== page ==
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You have a set of functions $\{ \sin x, \cos x \}$ that is closed under differentiation because $\sin ' = \cos$ and $\cos' = -\sin$. So you are restricting differentiation to the two-dimensional subspace $M$ generated by these functions, which consists of all $f=A\cos x + B \sin x$ with constants $A$ and $B$. In this context $\frac{d}{dx}$ is a linear operator on a two-dimensional vector space. No matter what norm you put on this space, the topology will be the same because of it being finite dimensional. So $\frac{d}{dx}$ will be continuous no matter what norm you choose for this subspace of functions. You can do the same with $\{ \cos(nx),\sin(nx) \}$ for $n=1$ or $n=2$, or $n=3$, and you can combine any number of these as well. You'll end up with a space of functions consisting of linear combinations of such functions, and differentiation will map that space back to itself.

The matrix representation of $\frac{d}{dx}$ acting on a basis $\{\cos(nx),\sin(nx)\}$ has the form $$ \left[\begin{array}{cc}0 & -n \\ n & 0\end{array}\right]=n\left[\begin{array}{cc} 0 & -1 \\ 1 & 0 \end{array}\right] $$ which is $n$ times a counter-clockwise rotation by $90^o$. The $k$th power of a such a matrix can be written as $n^k$ times a rotation by $k \times 90^o$, which leads to a natural extension to a real power $r$ which is $n^r$ times a rotation about $r \times 90^o$: $$ n^{r}R(r) = n^{r}\left[\begin{array}{cc} \sin(\frac{\pi}{2}r) & -\cos(\frac{\pi}{2}r) \\ \cos(\frac{\pi}{2}r) & \sin(\frac{\pi}{2}r) \end{array}\right] $$

Multiplication by $i$ also serves to rotate counterclockwise in the complex plane by $90^o$, which has a natural extension to multiplication by $e^{ir\theta}$, which is why the exponential power of the trigonometric functions is a bit easier to deal with.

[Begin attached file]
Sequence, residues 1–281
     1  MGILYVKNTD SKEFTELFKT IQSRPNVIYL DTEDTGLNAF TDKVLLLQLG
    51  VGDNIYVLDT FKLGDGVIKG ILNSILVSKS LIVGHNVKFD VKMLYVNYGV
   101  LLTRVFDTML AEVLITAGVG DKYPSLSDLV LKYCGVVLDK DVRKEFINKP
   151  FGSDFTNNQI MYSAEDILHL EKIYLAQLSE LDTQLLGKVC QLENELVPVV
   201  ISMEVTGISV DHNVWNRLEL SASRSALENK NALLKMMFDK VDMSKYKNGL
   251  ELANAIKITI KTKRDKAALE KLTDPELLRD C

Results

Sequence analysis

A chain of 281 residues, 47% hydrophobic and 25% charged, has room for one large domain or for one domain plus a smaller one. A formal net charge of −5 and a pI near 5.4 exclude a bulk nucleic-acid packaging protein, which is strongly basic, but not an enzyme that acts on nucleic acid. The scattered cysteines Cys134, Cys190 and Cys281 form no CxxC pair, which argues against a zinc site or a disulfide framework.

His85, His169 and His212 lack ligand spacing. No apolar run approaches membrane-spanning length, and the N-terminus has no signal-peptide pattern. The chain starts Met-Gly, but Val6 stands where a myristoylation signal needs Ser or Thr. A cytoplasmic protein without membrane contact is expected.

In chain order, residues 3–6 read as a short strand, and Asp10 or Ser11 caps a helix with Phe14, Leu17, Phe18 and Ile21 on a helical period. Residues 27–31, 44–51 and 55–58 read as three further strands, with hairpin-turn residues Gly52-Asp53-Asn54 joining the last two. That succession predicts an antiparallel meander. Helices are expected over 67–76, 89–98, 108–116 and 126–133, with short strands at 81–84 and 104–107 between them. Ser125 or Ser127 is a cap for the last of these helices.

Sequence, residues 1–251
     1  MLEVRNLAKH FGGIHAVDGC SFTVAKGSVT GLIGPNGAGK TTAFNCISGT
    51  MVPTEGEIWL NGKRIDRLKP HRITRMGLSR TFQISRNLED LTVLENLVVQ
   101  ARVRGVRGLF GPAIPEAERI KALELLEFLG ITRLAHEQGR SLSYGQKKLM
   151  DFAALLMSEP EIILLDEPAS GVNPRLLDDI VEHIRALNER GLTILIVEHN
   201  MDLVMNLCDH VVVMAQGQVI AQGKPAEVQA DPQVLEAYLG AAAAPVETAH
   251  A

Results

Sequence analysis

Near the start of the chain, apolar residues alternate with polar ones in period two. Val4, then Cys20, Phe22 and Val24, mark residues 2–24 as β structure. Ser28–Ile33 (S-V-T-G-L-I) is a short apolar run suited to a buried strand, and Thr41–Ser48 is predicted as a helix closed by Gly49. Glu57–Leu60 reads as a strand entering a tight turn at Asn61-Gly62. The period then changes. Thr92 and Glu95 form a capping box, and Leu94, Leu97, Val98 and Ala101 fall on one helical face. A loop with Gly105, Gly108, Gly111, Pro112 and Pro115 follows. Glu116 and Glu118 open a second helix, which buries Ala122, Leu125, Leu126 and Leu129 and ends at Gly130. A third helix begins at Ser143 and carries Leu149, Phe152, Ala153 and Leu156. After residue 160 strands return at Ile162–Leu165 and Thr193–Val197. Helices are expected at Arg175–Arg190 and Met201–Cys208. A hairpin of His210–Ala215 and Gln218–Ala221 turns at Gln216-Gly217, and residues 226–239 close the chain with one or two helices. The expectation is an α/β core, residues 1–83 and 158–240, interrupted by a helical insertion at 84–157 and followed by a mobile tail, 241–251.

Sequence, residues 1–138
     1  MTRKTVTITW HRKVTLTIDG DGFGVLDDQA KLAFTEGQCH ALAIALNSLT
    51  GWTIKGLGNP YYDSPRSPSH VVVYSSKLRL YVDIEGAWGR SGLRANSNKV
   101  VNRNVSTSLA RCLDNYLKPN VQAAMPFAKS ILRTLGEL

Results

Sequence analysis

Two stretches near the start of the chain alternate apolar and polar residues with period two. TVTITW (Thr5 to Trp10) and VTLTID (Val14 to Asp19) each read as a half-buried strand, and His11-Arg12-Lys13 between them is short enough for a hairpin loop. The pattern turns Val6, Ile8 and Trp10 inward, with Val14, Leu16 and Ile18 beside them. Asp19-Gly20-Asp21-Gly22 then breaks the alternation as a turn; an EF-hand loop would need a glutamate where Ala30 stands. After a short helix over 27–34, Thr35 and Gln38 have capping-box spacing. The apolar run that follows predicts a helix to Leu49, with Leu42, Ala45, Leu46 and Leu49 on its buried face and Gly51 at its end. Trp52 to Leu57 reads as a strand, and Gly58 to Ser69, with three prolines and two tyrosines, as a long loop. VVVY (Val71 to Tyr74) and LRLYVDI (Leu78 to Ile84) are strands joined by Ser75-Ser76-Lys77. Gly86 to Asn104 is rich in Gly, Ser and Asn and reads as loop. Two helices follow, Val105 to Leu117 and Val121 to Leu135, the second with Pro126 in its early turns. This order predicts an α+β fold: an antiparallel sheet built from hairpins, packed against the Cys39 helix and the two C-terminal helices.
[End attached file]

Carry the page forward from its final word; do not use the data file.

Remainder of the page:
In terms of the exponential Fourier series $$ \frac{d^r}{d\theta^r}e^{in\theta}=(in)^re^{in\theta} = (ne^{i\pi/2})^re^{in\theta} = n^r e^{ir\pi/2}e^{in\theta} $$ So, $$ \frac{d^r}{d\theta^r}\sum_{n=-\infty}^{\infty}c_n e^{in\theta} = \sum_{n=-\infty}^{\infty}n^r e^{i\pi r/2} e^{in\theta}. $$ This is a reasonable definition of fractional derivatives for $r > 0$ that agrees with the usual definition for $r=1,2,3,\cdots$.

The same sort of thing works for the Fourier transform, too: \begin{align} \frac{d^r}{dx^r}f & = \frac{d^r}{dx^r} \frac{1}{\sqrt{2\pi}}\int_{-\infty}^{\infty}e^{ixs}\hat{f}(s)ds \\ & = \frac{1}{\sqrt{2\pi}}\int_{-\infty}^{\infty}(is)^r e^{isx}\hat{f}(s)ds. \end{align} These ideas fall under the general heading of Functional Calculus for operators.

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  • $\begingroup$ Judging from the comments to the original question, this is not the kind of "continuity" the OP has in mind. I think that the OP is about interpreting the parameter $n$ in the formulas for $\frac{d^n}{dx^n}$ as a continuous (=real) parameter. $\endgroup$ Mar 26, 2017 at 17:13
  • $\begingroup$ @GiuseppeNegro : Now that you say that, I'm not sure. $\endgroup$ Mar 26, 2017 at 17:44
  • $\begingroup$ I mean that the differentiation operator itself is now defined for all real numbers for any uniformly convergent function $\endgroup$ Mar 26, 2017 at 18:29
  • $\begingroup$ @theideasmith : Okay. I've added a little more for you from that point of view. $\endgroup$ Mar 26, 2017 at 19:08
  • $\begingroup$ Thanks so much! Thinking about the derivative in terms of a vector space is quite enlightening. Can you also comment on extending this result to all functions by use of the fourier transform $\endgroup$ Mar 26, 2017 at 19:09